An Irrevocable Trust cannot be altered amended or terminated by the person creating it. Once the assets are transferred into the Trust without retention of any kind of power over the assets, the person creating the Trust can no longer regain ownership of that asset. However, it provides certain benefits that a Revocable Trust cannot. They can be used for estate and tax considerations. The benefit of this type of trust for estate assets is that it removes all incidents of ownership. It can be used in conjunction with qualifying for Medicaid. Irrevocable trusts can also be useful to individuals who work in professions that may make them vulnerable to lawsuits, such as doctors or attorneys. Once property is transferred to such an Irrevocable Trust, it is owned by the trust for the benefit of the named beneficiaries. Therefore, it is safe from legal judgments and creditors, as the trust will not be a party to any lawsuit.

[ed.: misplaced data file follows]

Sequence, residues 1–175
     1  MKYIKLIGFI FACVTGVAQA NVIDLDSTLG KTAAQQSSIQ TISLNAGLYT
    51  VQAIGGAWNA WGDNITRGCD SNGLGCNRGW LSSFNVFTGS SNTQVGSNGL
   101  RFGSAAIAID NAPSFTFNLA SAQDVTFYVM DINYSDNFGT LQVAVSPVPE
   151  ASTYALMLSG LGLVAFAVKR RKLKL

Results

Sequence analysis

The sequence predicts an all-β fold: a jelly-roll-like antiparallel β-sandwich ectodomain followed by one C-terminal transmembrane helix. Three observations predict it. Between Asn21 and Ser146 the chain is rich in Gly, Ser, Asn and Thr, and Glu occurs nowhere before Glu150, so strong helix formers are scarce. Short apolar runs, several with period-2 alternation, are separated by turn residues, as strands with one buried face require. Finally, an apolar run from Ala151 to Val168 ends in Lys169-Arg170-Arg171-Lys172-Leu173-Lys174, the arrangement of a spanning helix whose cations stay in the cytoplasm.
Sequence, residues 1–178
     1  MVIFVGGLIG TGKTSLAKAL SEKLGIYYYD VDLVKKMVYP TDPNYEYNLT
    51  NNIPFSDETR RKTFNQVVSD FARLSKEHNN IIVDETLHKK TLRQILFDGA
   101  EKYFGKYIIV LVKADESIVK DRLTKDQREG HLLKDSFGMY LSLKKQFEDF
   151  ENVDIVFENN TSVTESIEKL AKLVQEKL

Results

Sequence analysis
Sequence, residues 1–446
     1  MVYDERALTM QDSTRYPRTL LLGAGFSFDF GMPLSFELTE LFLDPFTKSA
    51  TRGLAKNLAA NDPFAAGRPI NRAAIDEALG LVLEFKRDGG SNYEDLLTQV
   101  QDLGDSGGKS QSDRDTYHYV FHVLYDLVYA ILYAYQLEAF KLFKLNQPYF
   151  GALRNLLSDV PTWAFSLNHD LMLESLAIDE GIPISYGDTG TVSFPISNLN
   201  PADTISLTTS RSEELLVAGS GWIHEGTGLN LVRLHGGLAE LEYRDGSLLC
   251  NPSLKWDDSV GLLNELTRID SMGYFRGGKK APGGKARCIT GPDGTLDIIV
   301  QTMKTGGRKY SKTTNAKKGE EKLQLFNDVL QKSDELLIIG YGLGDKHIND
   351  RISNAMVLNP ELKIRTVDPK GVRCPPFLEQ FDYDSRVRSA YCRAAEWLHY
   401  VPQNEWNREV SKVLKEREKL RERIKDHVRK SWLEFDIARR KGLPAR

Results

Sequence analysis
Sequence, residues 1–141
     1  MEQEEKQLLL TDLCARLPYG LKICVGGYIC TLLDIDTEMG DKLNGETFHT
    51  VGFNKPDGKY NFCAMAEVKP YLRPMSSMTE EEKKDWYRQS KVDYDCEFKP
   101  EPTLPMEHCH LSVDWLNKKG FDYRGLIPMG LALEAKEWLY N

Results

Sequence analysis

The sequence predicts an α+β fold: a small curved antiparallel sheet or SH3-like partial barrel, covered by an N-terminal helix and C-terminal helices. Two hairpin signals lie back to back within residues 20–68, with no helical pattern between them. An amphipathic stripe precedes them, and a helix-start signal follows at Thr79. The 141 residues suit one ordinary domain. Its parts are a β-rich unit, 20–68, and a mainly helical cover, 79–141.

The collective assets comprise the trust fund, which may consist of the following: